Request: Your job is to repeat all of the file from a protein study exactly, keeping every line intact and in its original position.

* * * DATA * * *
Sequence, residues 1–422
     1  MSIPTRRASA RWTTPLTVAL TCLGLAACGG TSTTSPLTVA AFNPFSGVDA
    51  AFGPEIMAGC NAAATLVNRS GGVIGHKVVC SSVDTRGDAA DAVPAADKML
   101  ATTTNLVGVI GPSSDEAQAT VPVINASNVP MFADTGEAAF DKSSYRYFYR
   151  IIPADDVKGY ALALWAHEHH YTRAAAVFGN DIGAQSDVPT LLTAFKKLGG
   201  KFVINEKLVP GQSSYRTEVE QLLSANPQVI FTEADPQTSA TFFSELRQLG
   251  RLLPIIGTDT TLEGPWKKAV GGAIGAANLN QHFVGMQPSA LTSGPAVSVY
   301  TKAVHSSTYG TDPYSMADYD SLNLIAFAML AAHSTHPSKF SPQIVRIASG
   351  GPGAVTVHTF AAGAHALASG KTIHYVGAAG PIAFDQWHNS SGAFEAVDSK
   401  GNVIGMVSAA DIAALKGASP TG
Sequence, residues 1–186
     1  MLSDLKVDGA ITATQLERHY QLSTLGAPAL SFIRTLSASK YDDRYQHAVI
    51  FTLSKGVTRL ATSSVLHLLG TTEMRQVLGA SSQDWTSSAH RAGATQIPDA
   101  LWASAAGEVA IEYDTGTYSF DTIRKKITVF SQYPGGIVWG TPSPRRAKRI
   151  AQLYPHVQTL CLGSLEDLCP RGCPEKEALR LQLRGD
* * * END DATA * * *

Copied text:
Sequence, residues 1–422
     1  MSIPTRRASA RWTTPLTVAL TCLGLAACGG TSTTSPLTVA AFNPFSGVDA
    51  AFGPEIMAGC NAAATLVNRS GGVIGHKVVC SSVDTRGDAA DAVPAADKML
   101  ATTTNLVGVI GPSSDEAQAT VPVINASNVP MFADTGEAAF DKSSYRYFYR
   151  IIPADDVKGY ALALWAHEHH YTRAAAVFGN DIGAQSDVPT LLTAFKKLGG
   201  KFVINEKLVP GQSSYRTEVE QLLSANPQVI FTEADPQTSA TFFSELRQLG
   251  RLLPIIGTDT TLEGPWKKAV GGAIGAANLN QHFVGMQPSA LTSGPAVSVY
   301  TKAVHSSTYG TDPYSMADYD SLNLIAFAML AAHSTHPSKF SPQIVRIASG
   351  GPGAVTVHTF AAGAHALASG KTIHYVGAAG PIAFDQWHNS SGAFEAVDSK
   401  GNVIGMVSAA DIAALKGASP TG
Sequence, residues 1–186
     1  MLSDLKVDGA ITATQLERHY QLSTLGAPAL SFIRTLSASK YDDRYQHAVI
    51  FTLSKGVTRL ATSSVLHLLG TTEMRQVLGA SSQDWTSSAH RAGATQIPDA
   101  LWASAAGEVA IEYDTGTYSF DTIRKKITVF SQYPGGIVWG TPSPRRAKRI
   151  AQLYPHVQTL CLGSLEDLCP RGCPEKEALR LQLRGD